The rest of the equation is pretty much a matter of looking at specs, pricing, and features. Do you want Blu-ray support? What size LCD/chassis do you prefer? How much do you want the laptop weigh? How fast do you want the CPU, GPU, etc. to be? Do you want an SSD or is a conventional hard drive sufficient? Obviously, pricing is going to determine how far you can go in any particular area, and it's possible to upgrade certain areas. Want a larger hard drive or an SSD? You can add that without much difficulty. You can also add RAM quite easily with the vast majority of laptops, though with even $550 laptops providing 4GB these days most people won't need to upgrade memory any time soon; on the other hand, the next jump up to 4GB SO-DIMMs tends to be prohibitively expensive.

Okay, the stage is set, so let's move to the first price bracket: sub-$400 options.

Sub-$400 Laptops
POST A COMMENT

50 Comments

View All Comments

  • Roland00 - Monday, December 07, 2009 - link

    The pentium t4200/t4300 will be about 50 dollars more on average. For example without any sale go to the Toshiba website and you can get a T3000, 2gb memory, 160 gb hd and wifi n For $400, it costs 44 more for the pentium dual core.

    Now the whole point of the t3000 though is not to buy the laptop at the normal price, the same or similar laptop will go on sale. For example fry's has had a similar laptop to the toshiba but an msi 14 inch on sale a couple times for $319 (once) and $349 (twice). The msi also didn't use intel integrated graphics but instead the 8200m (half the speed of the ion but still 30 to 40% faster than the 4500m hd)

    $319 is only 20 dollars more than those mythical $299 acers/hps that walmart was selling that was using the amd single core at 1.6 ghz (tf-20)
    Reply
  • Hrel - Monday, December 07, 2009 - link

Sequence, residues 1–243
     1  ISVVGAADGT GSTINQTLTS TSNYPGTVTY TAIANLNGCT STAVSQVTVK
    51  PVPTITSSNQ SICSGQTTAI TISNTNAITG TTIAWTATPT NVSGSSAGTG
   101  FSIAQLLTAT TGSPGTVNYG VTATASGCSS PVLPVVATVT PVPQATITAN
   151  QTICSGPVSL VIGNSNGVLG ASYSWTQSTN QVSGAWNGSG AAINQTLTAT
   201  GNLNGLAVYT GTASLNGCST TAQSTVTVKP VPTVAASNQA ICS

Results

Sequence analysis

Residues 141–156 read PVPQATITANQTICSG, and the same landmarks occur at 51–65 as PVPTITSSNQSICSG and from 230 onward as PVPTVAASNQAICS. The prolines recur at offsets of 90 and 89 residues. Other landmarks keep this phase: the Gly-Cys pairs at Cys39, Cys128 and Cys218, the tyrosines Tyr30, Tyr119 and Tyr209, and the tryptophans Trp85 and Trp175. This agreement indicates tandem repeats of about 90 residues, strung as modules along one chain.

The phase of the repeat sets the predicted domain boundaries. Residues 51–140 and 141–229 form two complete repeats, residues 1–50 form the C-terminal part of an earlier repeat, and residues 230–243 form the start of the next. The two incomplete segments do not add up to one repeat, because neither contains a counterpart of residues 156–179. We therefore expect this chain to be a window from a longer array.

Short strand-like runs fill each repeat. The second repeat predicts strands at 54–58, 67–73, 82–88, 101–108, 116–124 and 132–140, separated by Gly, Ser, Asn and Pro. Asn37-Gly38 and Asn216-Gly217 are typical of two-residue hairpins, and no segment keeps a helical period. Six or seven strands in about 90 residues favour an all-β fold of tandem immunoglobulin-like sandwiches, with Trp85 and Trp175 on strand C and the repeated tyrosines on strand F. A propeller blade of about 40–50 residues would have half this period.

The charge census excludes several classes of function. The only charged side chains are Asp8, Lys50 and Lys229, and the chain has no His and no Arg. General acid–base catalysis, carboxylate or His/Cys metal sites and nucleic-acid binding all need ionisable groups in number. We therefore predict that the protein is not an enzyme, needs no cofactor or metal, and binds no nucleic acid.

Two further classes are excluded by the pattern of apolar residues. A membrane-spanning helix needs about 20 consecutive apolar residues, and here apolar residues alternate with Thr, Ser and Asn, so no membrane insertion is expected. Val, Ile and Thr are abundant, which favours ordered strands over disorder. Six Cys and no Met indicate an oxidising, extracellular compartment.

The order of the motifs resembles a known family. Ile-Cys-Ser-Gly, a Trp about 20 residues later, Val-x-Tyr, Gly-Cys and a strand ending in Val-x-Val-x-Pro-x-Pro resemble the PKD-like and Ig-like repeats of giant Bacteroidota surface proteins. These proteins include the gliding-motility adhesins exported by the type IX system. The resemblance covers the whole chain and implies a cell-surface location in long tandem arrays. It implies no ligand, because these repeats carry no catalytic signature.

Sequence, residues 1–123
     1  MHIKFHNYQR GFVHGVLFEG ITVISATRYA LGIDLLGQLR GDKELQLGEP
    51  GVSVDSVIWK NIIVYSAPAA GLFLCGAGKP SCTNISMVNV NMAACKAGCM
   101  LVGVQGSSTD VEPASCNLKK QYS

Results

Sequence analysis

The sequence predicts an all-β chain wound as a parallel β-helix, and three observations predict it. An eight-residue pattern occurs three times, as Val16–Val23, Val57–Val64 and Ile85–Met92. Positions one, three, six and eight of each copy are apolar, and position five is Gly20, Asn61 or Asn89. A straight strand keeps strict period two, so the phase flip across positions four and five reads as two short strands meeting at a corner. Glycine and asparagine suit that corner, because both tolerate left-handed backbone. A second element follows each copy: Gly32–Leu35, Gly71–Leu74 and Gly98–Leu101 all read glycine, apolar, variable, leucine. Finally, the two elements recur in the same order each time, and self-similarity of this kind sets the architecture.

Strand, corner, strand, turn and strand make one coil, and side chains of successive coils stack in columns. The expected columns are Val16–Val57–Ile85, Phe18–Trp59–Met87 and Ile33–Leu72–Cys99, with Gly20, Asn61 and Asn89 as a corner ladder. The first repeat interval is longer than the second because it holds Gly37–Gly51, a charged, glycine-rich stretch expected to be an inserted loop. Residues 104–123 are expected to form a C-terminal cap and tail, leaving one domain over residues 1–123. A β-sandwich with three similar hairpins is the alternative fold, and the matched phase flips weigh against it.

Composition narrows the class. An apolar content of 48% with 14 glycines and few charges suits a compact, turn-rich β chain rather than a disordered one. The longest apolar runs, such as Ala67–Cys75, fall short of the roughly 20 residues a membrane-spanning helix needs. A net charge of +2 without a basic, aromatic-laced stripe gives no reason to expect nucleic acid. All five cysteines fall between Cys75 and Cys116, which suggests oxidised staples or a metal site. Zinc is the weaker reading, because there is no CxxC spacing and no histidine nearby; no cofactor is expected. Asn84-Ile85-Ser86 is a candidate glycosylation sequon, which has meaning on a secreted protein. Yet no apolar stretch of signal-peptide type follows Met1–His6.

I've said it before on here I'd be glad to buy the ASUS UL80Vt if it only had a screen with a resolution of at least 1600x900 (decent quality screen required. like 1000:1 contrast ratio) The Intel SU9600 CPU instead with the same percentage overclock and the Nvidia GT240 GPU. Finally I'd like that laptop to cost less than 1000 dollars and get at least 7 hours internet battery life. If removing the integrated GPU and having only the dedicated GPU is required to keep the price down I'd be totally fine with that.

    Or better yet, sell it with the integrated GPU, leave the slot and heatsink for the dedicated GPU and offer the dedicated GPU as an add on or after-market purchase on newegg.
    Reply
  • geok1ng - Sunday, December 06, 2009 - link

    I really don't get the idea behind the suggestion of the ASUS UL80Vt on the sub $850 range, when you can get the Dell Studio 14z: you get a better CPU, a better IGP ( and having Nvidia 210M as add on VGA isn't really a great improvement over the 9400M G)and a better battery for the same price range.

    The problem is that outside Mac Books you simply dont get state of art notebook hardware: a C2D 45nm CPU, a 9400M G IGP and a small form factor. And a Non-TN LCDs is a dream.
    Reply
  • LongTimePCUser - Monday, December 07, 2009 - link

    For many people the ul80vt is a much better solution than the Dell 14z.

    The Dell 14z has a 5 hour battery life. The ul80vt has a 12 hour battery life.

    The Dell 14z doesn't have a DVD player. The ul80vt has one.
    Reply
  • JarredWalton - Sunday, December 06, 2009 - link

    G210M is roughly twice the performance of 9400M G, and where 9400M still has games where it struggles, G210M can run everything, albeit at low details in some instances (i.e. Crysis @ LQ 1366x768 and 42.05FPS -- compare to 14z with 25FPS for the same setting, with a CPU that's running 38% faster). If you can get both the benefits of G210M performance with better battery life than 9400M, isn't that desirable?

    As for non-TN panels, I believe you're mistaken. Everything out right now is TN on laptops. MacBooks used some IPS in the past, but that was several years ago. They have matte LCDs on the 15" and 17" MBP, but that's about it.